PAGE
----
“The oil spill stress involved more family economic hardship. The impact was more subtle than Katrina,” Weems said. “That’s why we think we only saw an impact from the oil spill on older children because they understood what was happening to their family.”

In the paper, researchers explained that limited awareness of long-term consequences may have made it easier for younger children to rebound from the effect of the oil spill.

Differences based on gender

Age was not the only factor to influence PTSD symptoms. In the study, girls were more likely to have higher rates of PTSD symptoms following disasters. Weems says this highlights the importance of interventions to promote competence and well-being among girls.

Researchers analyzed data from youth in five parishes or counties in the Gulf Region directly affected by Hurricanes Katrina, Gustav and the oil spill. More than 3,300 youth – 55 percent girls – between the ages of 8 and 18 were included in the study. Researchers had access to youth screenings and data collected prior to and after all three disasters.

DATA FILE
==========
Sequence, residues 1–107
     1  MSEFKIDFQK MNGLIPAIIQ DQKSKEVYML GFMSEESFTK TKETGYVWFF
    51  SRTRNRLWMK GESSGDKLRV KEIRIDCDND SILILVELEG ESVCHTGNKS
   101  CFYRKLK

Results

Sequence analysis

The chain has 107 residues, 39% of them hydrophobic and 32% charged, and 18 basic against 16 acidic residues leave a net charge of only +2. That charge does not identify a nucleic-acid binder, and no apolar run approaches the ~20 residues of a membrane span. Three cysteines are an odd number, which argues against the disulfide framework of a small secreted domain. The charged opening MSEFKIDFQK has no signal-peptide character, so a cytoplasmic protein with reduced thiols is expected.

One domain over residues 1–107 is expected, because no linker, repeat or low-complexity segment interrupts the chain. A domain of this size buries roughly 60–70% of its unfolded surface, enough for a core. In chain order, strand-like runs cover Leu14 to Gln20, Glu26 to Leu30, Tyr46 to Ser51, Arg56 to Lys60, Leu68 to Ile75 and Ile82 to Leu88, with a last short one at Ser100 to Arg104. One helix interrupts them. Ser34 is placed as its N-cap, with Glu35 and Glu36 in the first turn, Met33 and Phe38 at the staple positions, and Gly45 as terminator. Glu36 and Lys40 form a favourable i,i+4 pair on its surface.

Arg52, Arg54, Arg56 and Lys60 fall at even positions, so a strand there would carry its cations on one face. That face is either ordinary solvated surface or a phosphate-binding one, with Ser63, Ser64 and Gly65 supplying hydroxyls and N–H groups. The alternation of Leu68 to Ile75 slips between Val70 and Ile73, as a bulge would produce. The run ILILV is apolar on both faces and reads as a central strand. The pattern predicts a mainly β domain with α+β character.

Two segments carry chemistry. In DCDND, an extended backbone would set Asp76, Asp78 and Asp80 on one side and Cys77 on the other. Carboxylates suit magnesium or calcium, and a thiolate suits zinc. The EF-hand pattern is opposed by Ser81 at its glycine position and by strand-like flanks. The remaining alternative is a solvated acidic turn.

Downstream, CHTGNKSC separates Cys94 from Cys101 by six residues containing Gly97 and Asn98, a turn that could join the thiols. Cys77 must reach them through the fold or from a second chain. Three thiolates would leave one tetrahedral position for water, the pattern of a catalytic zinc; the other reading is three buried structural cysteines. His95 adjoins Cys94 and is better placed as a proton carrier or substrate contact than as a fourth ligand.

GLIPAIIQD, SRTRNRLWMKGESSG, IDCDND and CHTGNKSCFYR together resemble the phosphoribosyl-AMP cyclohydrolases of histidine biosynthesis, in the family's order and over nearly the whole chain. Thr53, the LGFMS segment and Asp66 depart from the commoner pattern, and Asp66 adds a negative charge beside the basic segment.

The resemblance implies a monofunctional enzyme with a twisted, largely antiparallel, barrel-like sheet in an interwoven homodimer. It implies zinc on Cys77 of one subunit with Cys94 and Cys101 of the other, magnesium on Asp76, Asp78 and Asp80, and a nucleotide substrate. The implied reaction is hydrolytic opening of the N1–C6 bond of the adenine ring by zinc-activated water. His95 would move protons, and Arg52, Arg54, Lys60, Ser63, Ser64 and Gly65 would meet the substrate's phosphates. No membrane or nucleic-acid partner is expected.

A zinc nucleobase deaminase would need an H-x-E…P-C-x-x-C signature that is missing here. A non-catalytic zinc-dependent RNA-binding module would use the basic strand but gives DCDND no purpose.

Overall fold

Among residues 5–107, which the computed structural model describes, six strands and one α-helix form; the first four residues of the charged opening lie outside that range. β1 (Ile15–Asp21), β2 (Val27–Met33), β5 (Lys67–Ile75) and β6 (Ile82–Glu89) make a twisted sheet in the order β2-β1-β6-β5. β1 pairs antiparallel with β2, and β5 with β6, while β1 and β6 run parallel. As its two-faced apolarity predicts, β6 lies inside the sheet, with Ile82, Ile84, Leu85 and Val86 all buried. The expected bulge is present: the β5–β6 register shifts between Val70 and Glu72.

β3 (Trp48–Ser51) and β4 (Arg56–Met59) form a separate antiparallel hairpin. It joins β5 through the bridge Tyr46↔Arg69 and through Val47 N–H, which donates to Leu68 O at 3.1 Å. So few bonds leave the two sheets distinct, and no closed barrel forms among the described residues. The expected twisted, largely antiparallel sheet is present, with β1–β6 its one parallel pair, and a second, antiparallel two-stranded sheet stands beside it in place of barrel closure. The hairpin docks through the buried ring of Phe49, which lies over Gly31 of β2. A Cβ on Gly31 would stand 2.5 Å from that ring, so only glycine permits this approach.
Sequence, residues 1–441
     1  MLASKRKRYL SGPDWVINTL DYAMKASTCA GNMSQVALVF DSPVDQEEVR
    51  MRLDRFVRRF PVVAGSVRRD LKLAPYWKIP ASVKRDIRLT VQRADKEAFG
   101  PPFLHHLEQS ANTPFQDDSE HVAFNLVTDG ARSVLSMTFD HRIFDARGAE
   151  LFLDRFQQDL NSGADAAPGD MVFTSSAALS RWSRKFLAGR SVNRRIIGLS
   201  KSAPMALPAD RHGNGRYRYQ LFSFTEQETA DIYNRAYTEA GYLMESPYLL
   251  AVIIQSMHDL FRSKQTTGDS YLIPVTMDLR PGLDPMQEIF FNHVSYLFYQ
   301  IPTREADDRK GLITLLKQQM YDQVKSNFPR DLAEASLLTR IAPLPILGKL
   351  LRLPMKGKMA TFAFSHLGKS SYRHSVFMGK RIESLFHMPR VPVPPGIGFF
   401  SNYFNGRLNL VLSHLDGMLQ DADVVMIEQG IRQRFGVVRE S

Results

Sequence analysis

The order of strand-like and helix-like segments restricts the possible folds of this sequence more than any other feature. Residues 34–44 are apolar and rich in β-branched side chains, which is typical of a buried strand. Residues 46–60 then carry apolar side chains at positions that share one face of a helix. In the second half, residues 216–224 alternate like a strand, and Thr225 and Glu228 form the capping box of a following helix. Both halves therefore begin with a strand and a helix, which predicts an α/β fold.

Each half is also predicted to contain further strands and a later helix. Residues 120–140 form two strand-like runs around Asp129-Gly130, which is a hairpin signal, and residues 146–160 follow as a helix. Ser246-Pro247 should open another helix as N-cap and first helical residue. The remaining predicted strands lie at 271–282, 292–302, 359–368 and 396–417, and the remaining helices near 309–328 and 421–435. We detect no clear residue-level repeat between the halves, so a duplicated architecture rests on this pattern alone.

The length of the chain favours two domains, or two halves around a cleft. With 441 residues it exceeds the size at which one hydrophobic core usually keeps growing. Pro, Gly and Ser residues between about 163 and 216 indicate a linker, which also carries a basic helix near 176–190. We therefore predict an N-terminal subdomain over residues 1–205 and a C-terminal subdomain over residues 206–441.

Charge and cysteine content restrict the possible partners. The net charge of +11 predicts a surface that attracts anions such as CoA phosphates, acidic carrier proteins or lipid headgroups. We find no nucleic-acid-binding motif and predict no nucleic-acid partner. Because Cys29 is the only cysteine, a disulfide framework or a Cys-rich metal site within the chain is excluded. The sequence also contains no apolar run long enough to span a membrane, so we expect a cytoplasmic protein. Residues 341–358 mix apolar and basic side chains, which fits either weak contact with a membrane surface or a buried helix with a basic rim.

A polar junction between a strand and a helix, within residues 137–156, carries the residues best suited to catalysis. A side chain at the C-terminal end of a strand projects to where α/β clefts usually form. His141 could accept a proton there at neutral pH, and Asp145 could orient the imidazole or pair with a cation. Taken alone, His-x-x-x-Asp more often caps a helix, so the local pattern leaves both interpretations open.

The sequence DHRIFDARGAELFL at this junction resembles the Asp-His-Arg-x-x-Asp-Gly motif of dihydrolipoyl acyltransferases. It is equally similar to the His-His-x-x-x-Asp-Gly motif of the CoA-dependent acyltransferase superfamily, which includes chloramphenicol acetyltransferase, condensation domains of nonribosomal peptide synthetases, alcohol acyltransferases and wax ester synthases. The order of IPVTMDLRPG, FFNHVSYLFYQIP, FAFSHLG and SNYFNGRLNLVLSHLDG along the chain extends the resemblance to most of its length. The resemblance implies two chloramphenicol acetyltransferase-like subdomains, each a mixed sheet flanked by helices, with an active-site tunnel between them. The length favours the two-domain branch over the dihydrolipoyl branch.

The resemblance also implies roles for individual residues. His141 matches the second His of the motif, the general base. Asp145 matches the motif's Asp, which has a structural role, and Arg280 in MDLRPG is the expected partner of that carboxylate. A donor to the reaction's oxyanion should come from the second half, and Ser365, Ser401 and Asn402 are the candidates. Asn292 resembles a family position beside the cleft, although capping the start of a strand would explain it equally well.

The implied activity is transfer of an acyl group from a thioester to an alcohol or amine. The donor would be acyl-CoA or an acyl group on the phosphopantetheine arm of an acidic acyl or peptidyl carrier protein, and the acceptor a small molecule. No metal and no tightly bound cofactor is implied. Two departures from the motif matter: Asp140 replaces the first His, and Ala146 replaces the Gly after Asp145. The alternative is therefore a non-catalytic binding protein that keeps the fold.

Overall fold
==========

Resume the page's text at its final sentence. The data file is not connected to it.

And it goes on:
Perceptions of competence and well-being were assessed through questions about the participants’ relationships with their parents and friends, their ability to solve problems or respond in emergencies and control actions, as well as how they feel about life. Researchers used surveys to measure symptoms of PTSD, and hurricane and oil spill exposure.

Treatment and intervention

Whether it is a terrorist attack, hurricane, tornado or wildfire, a natural disaster can profoundly affect a community with little warning. Weems says understanding how children respond to these situations can help researchers build appropriate interventions. Helping children face their fears and develop coping mechanisms to deal with those fears can improve resiliency.